Dule Hill is an American actor and tap dancer and has a net worth of $3.5 million. Dule Hill made his net worth as an Performer, Dancer, and Broadway. Dule is famous for his characters as private presidential aide named Charlie Young on the NBC drama television series The West Wing. Dule is called pharmaceutical salesman-private detective Burton Guster on the USA Network television comedy drama Psych. He studied ballet from a young age, and performed in the musical The Tap Dance Kid. In the age of three years old, Hill started attending dance classes. When Hill was ten years old, producers of Broadway’s The Tap Dance Kid called his dance school. At that time they were searching for young dancers who could also sing and act in the upcoming production at the Minskoff Theatre and Hill won the role of understudy to Savion Glover.
Dule Hill Net Worth $3.5 Million Dollars
This caused other musicals. As a teen, he appeared in several national TV commercials. In 1999 he appeared alongside Freddie Prinze, Jr., in the popular film, She’s All That. The teen won the role of presidential aide Charlie Young on The West Wing. After just one season, the series earned a record-setting nine Emmy Awards and won the prestigious Peabody Award. In 2006 he switched gears, signing on to the cable comedy Psych as the foil to manic leading man James Roday. In his spare time he appreciates poker and supports the Leukemia & Lymphoma Society.
May 3, 1975
Orange, New Jersey, USA
5' 10" (1.78 m)
Actor, Producer, Soundtrack
Sayreville War Memorial High School, Seton Hall University
William G. Warren, Nicole Lyn
Bertholomu Hillshire, Jennifer Hillshire
Screen Actors Guild Award for Outstanding Performance by an Ensemble in a Drama Series
NAACP Image Award for Outstanding Actor in a Comedy Series, NAACP Image Award for Outstanding Supporting Actor in a Drama Series, NAACP Image Award for Outstanding Actor in a Drama Series, NAACP Image Award for Outstanding Supporting Actor in a Comedy Series, Primetime Emmy Award for Outstanding Supporting Actor in a Drama Series, NAACP Image Award for Outstanding Actor in a Television Movie, Mini-Series or Dramatic Special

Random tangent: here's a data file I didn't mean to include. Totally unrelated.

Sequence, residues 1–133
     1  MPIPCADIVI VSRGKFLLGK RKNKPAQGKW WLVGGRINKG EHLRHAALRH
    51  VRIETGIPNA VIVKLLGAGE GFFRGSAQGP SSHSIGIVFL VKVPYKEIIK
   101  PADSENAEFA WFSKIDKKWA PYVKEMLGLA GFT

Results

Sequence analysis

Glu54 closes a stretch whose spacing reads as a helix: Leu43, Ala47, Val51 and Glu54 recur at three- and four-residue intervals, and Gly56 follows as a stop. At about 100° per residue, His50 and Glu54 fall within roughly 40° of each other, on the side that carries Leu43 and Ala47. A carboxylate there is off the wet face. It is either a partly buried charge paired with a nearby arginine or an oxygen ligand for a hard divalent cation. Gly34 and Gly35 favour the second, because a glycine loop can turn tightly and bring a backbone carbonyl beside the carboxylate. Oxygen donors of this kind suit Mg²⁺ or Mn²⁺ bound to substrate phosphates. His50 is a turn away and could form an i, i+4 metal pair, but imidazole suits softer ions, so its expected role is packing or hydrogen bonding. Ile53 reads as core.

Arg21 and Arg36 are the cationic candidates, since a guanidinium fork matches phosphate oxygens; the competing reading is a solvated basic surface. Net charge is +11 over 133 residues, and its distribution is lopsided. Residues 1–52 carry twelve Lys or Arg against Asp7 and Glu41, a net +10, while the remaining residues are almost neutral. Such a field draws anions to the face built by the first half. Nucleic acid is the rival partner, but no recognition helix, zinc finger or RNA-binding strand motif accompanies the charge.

She's All That, Holes, Men of Honor, Gayby, Miss Dial, Remarkable Power, 10.5, Whisper, The Guardian, Edmond, Gravy, Love Songs, Gator Farm, Sleight
Proficient tap dancer, as seen performing with Savion Glover on the 32nd NAACP Image Awards show.
I love soccer, I haven't played since my freshman year of high school, but it's the family sport, so I just wanted to get out here and live my pro dream for one day.
On playing "Gus" in the series, Psych (2006): The biggest challenge for me is not making Gus too nerdy or too cool. Because Gus is a nerd..the only place that's interesting to me. I think most people have a little bit of both in them anyway. I think that's where the most interesting place is. I think it's fun trying to play cool but not really being cool at all.
On acting: I learned that the majority of the time, simplicity is the best way to go about things as you peel away the layers...that's when you start finding the gold...I can't say that was from my own acting. That was from observing actors like John Spencer and Martin Sheen...I had a chance just to observe.
On his role of "Gus" in the television series, Psych (2006): It's nice to have a character who has all this knowledge, especially an African American character--he's a very smart guy, but at the same time he's kind of cool...So it's cool to be smart and vice versa. So if we can have the character live in the balance of these two places, then I think it would be a fun journey.
On working with James Roday in the series, Psych (2006): We have the chemistry off-camera. I think eventually, I personally think it wouldn't work. We both like to have a lot of fun, and I think that translates to the screen. We're all thankful to have a job.